Can’t Hurt Me ~ What I learned from a Navy SEAL

Can’t Hurt Me is a book that has challenged me to be stronger mentally, to push myself further, and to not give up. David Goggins’ story is so inspiring you will have a hard time putting this book down. This is not a book that will make you “feel good.” This may sound negative, but trust me, as Goggins steps on your toes in this book it will cause you to make positive changes in your life. This book is not for everyone. There is a lot of cursing and Goggins tells it like it is as he shares his story with very raw details. However, if you read this book, I can guarantee you will learn something from this incredible man. He is the only man in history to complete elite training as a Navy SEAL, Army Ranger, and Air Force Tactical Air Controller. He had to lose 100 pounds in 3 months to get accepted into Navy SEAL Training. Goggins has run many ultramarathons and pushed is body to extreme limits. Here are some of my big takeaways.

The Accountability Mirror

Goggins came up with what he calls The Accountability Mirror to motivate himself and hold himself accountable to achieve his goals. This is how he described it: “I set goals, wrote them on Post-It notes, and tagged them to what I now call the Accountability Mirror, because each day I’d hold myself accountable to the goals I’d set.” When I am comfortable and inspired by something, it is easy for me to set goals for myself in my head. As soon as I write a goal down and have to look at it every day, it changes from a vague desire to something that convicts me daily. I have to ask myself: what is limiting my success? Am I in my own way? In answering these questions I need to take ownership, responsibility, and overcome obstacles. Setting goals and being reminded of them daily is a habit that many successful people use.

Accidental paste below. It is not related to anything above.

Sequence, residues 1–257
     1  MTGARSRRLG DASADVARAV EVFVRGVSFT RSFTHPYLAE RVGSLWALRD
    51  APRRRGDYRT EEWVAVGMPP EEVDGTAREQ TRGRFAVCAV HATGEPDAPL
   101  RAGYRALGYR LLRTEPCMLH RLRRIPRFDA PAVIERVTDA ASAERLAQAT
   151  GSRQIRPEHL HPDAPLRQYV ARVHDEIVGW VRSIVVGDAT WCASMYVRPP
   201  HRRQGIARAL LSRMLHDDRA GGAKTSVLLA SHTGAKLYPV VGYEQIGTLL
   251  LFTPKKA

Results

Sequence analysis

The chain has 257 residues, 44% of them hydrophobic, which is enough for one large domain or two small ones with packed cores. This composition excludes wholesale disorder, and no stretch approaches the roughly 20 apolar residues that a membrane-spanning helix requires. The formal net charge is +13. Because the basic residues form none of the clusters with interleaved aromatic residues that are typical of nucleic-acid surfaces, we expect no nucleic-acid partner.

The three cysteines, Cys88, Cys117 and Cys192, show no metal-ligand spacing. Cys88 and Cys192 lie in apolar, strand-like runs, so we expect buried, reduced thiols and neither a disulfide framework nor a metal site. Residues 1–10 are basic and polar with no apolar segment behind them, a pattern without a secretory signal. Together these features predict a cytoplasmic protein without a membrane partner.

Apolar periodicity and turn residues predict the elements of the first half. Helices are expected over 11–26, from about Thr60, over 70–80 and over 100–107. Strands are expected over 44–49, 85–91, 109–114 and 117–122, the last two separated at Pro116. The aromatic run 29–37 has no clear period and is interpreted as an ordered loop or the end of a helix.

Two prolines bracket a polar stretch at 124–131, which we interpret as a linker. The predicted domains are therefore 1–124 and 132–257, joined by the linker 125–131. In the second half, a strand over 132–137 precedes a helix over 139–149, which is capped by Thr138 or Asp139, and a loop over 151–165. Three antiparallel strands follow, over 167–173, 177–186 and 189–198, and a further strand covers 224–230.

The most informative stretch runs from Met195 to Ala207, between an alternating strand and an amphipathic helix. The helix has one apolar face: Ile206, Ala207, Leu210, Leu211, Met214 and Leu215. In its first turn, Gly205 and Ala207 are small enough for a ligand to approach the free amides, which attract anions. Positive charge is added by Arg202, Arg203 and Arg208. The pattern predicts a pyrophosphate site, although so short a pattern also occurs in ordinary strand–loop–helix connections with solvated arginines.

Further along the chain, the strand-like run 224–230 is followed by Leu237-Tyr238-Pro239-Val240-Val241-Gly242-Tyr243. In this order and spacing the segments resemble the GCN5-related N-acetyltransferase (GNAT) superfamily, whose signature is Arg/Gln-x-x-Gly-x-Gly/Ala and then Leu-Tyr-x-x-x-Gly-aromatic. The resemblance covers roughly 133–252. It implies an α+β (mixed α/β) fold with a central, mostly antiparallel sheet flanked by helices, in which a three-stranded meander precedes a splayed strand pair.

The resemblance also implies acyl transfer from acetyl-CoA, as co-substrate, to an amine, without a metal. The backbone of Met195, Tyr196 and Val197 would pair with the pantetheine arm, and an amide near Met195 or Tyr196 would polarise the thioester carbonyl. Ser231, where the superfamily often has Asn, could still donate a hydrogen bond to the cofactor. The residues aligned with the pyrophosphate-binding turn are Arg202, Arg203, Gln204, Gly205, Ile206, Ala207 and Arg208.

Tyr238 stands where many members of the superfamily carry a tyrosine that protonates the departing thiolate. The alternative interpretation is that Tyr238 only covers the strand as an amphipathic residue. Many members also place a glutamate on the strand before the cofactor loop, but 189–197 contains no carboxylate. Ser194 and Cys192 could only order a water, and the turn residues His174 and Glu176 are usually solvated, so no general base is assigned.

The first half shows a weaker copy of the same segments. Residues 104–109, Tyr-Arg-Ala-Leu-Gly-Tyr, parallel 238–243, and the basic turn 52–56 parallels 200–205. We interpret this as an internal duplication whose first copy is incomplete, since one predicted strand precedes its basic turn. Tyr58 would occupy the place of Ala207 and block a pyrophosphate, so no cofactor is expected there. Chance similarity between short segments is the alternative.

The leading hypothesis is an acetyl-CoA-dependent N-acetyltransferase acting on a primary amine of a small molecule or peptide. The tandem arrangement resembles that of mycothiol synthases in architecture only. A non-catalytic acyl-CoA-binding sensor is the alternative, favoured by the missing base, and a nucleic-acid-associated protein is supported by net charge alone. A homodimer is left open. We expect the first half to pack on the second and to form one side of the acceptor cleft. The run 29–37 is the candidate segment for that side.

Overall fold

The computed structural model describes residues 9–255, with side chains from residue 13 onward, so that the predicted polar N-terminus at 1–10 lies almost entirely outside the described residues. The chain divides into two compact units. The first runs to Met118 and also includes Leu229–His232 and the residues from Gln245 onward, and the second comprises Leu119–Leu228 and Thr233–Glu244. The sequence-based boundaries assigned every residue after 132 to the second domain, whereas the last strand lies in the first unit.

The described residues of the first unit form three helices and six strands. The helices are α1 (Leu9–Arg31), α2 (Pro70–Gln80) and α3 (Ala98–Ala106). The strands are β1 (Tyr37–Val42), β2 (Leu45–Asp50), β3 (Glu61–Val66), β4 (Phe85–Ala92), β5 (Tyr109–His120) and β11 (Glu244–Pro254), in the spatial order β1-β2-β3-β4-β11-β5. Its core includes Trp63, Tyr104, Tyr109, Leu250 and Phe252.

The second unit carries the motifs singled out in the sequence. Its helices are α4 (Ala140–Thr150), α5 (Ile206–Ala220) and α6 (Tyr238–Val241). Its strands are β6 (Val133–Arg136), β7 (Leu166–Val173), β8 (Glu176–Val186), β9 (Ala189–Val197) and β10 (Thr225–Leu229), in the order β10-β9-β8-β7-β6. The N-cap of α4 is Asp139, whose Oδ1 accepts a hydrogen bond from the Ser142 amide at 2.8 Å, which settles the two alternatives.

Seek Resistance

Goggins has a very unconventional approach to dealing with resistance in life. Rather than the typical advice (and probably human nature) to seek the path of least resistance, Goggins lives a lifestyle of seeking out resistance. He sees obstacles, setbacks, and challenges as training. Rather than shy away from challenges, he focuses on how overcoming them will make him better. His challenge is that we should all figure out what we don’t want to do but know will make a positive impact in our life and then do it. Goggins also shows through his lifestyle how pushing yourself to the limit physically can help you overcome mental challenges. I found this approach very convicting. I have started to see how challenging projects at work which have many difficult components are not something I should complain about but rather I should welcome them. These difficulties train me to be a better engineer. As my life and schedule have been changing lately, it has been harder to run or workout in the evening. I hate waking up early to run, however, reading about Goggins lifestyle has helped motivate me to see it as a challenge to overcome each day. I heard somewhere that taking cold showers is good for your nervous system, especially in the morning, so I started taking cold showers even though I hate them. This might be a little excessive and inconsequential, but it helps prove to myself that I am not weak mentally.